Tom Lane
 
Default To semi-rolling or not to semi-rolling, that is the question...

Doug Ledford <dledford@redhat.com> writes:
> Limitations, yes. Current state, no. You can't make a policy to do the
> impossible and expect it to just happen. But you *can* make a policy to
> do the very hard and seemingly impossible and make it happen. To that
> end I reference the fact that man has in fact been to the moon and it
> was a policy mandate by two competing governments that caused us (as a
> species) to do the work to get there.

Correction: it was a policy mandate plus the expenditure of a lot of
billions of dollars that got us to the moon.

>> It doesn't make
>> sense to enact a policy which cannot be realized due to technical
>> limitations, or whose realization causes unsolvable problems. The technical
>> details are essential.

> You only need enough details to know that it isn't impossible, not
> enough to know the exact route to get to the end goal.

You also need the resources to make it happen. A mandate from FESCO
is not worth diddly-squat unless FESCO is prepared to do the work.

regards, tom lane
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Old 03-05-2010, 04:46 AM
Kevin Kofler
 
Default To semi-rolling or not to semi-rolling, that is the question...

Till Maas wrote:
> F13 updates will be supported until F15 Alpha is created, so
> everyone has a about a three month update window to get from FN-updates to
> F(N+1)-updates or F(N+1)-updates-stable.

FN-updates to F(N+1)-updates-stable is unlikely to work, because FN-updates
will be including stuff which is only in F(N+1)-updates, not F(N+1)-updates-
stable.

(And FWIW, I'd call them "conservative" rather than "stable", I don't like
the implication that the other stream would be "unstable", which to most
users means "crashy".)

Kevin Kofler

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Old 03-05-2010, 06:52 AM
Hans de Goede
 
Default To semi-rolling or not to semi-rolling, that is the question...

Hi,

On 03/04/2010 09:59 PM, Doug Ledford wrote:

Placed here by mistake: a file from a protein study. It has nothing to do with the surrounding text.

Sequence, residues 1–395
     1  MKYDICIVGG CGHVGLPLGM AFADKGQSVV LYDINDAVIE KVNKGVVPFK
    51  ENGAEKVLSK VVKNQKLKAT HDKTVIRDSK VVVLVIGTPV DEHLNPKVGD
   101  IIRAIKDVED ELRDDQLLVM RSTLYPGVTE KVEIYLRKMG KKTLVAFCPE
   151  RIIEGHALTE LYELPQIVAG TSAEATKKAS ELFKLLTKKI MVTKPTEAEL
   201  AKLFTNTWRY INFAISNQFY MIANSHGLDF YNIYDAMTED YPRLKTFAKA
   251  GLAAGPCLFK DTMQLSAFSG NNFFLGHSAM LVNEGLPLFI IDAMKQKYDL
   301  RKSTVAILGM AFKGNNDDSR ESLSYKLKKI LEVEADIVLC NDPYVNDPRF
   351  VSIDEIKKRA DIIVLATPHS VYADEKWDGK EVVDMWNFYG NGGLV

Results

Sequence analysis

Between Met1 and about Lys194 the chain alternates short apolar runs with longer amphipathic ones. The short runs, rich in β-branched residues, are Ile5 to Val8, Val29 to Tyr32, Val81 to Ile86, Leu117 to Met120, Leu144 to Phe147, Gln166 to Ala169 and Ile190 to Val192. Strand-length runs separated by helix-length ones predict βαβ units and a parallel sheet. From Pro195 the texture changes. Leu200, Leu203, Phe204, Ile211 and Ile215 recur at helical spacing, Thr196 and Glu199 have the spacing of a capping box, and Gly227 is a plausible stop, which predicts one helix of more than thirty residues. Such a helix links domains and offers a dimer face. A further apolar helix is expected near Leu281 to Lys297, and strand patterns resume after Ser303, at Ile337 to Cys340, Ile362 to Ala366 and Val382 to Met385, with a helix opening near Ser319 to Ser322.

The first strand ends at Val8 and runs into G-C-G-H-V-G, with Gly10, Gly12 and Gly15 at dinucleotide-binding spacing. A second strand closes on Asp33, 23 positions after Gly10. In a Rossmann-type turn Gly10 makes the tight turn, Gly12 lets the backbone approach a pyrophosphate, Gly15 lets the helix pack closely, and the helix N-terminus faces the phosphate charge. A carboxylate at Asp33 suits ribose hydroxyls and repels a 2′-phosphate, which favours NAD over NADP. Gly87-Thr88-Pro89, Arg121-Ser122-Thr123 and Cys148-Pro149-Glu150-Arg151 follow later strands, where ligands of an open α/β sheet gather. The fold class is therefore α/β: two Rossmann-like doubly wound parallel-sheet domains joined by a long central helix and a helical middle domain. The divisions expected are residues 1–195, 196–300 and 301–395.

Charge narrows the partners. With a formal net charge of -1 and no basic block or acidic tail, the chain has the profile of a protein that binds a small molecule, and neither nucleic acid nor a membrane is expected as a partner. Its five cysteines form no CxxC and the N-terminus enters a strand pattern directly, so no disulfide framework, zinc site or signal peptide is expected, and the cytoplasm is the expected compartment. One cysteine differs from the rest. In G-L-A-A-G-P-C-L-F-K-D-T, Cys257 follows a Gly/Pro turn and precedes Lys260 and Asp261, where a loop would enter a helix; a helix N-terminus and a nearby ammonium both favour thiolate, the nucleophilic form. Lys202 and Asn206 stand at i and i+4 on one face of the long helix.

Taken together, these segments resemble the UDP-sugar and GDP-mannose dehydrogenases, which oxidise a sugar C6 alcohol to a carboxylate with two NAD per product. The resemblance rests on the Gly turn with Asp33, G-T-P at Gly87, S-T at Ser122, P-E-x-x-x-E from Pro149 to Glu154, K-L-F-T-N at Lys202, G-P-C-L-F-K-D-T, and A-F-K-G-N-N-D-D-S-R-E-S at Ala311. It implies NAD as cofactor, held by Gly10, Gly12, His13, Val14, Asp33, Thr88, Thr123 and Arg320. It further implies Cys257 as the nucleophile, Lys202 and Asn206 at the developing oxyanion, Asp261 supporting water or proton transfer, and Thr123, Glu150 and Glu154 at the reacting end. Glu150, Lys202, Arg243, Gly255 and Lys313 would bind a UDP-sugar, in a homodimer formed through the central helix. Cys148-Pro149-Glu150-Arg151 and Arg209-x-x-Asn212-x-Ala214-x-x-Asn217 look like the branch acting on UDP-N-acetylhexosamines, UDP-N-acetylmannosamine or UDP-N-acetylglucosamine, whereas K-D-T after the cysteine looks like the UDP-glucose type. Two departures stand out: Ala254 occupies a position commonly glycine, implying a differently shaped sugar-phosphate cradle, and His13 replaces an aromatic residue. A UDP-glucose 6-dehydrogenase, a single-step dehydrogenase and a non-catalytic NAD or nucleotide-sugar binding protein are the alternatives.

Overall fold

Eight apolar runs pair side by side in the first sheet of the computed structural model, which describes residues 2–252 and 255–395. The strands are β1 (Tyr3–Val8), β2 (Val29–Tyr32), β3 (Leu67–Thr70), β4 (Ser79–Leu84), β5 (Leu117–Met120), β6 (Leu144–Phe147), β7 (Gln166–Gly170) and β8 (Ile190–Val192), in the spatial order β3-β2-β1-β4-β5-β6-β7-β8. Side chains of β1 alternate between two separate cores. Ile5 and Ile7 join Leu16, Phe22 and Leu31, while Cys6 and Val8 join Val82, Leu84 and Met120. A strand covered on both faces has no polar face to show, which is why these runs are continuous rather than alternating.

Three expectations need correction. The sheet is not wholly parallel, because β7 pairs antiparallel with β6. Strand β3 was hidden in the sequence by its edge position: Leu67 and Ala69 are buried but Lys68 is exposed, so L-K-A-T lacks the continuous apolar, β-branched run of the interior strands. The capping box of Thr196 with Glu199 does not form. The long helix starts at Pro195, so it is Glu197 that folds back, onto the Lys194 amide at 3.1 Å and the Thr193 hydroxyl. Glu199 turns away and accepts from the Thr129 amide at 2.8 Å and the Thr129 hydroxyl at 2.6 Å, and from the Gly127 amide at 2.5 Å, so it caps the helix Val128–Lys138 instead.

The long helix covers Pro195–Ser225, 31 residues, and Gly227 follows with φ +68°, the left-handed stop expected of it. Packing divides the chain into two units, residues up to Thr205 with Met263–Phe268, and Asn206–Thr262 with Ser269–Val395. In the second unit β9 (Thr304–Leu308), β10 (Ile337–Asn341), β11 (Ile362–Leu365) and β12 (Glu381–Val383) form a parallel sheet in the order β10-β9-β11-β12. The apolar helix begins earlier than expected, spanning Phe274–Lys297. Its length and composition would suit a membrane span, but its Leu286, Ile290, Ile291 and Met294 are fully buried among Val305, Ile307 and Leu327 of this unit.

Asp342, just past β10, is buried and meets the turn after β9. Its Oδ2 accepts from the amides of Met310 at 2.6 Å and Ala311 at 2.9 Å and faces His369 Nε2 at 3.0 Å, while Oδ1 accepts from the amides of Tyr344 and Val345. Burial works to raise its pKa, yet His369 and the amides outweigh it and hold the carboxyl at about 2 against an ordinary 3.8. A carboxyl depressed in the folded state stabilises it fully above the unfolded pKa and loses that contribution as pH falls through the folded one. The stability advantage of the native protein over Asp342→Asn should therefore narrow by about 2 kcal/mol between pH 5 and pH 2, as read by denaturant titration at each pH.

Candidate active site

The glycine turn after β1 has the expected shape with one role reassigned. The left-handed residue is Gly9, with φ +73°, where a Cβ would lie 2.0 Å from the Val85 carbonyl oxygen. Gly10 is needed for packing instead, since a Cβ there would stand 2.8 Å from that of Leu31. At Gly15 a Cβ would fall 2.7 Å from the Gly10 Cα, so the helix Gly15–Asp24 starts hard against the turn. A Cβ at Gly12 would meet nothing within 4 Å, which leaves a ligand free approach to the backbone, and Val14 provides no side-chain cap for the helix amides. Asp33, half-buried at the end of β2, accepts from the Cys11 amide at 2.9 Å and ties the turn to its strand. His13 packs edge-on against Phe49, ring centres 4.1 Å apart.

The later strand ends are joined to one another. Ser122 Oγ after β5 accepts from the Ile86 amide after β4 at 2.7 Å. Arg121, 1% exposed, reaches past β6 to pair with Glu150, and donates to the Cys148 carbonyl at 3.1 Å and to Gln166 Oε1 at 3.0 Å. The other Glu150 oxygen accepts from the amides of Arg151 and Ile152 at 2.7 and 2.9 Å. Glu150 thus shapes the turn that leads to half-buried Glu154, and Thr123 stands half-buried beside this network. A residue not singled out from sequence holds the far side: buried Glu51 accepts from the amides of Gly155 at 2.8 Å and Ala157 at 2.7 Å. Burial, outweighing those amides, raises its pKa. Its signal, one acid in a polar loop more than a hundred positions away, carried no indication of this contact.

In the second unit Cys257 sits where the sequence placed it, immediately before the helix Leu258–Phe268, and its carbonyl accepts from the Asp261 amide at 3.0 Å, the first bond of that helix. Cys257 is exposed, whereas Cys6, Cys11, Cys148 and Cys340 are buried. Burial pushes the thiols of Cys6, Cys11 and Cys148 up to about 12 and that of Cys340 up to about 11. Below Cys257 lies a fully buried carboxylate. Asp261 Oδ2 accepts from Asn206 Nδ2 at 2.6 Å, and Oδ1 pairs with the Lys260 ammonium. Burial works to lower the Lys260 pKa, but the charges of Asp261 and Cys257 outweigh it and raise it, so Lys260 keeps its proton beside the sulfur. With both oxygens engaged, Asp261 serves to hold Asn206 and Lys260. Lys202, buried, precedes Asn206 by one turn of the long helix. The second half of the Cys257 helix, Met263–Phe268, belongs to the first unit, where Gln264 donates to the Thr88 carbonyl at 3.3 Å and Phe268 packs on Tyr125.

> Obviously, some people want this and some don't. It isn't appropriate
> to simply hand down an edict that things will be one way or the other if
> we truly consider Fedora a community run project. It must be a
> community decision. That means, as Adam Williamson pointed out, this is
> likely a decision to be made by the board, based upon what the community
> wants and what's best for Fedora.
>
> But let's be clear. That's a *policy* decision. One of the things that
> got very confusing in the previous thread(s) was the intermixing of
> policy decisions and technical issues. For instance, Kevin's response
> to my proposal was all about technical issues he saw. Technical issues
> are almost always solvable if you have a specific policy you are trying
> to implement. So one thing I think people should keep in mind is that
> policy decisions should always lead to technical decisions, *not* the
> other way around. We should decide what we want ourselves to be and
> what our policies are, and then that should guide our infrastructure,
> our tools, our work flows, and our processes. We should never allow
> things to flow in the reverse direction. We should never allow a
> current tooling limitation to set our policy, modulo that our policy
> should acknowledge and accommodate for the time necessary for tooling
> changes to take place or for the limitations of our resources.
>
> So, I'm going to reiterate my policy suggestion:
>
> Make Fedora releases (all of them) stable in nature, not semi-rolling.

One size does still not fit all, although this is a great idea for
most packages in Fedora for packages in certain niches this is a bad idea.

I've said this before (and got 0 response), I believe there should
be some divide made between core packages (with core being quite big, not
the bare essentials, but also most of all desktop environments, etc.) and
non core packages.

For example I really see no reason not to upgrade
some EDA tool to the latest and greatest if the maintainer thinks that
there are good reasons to do this, because the group of EDA users bitten by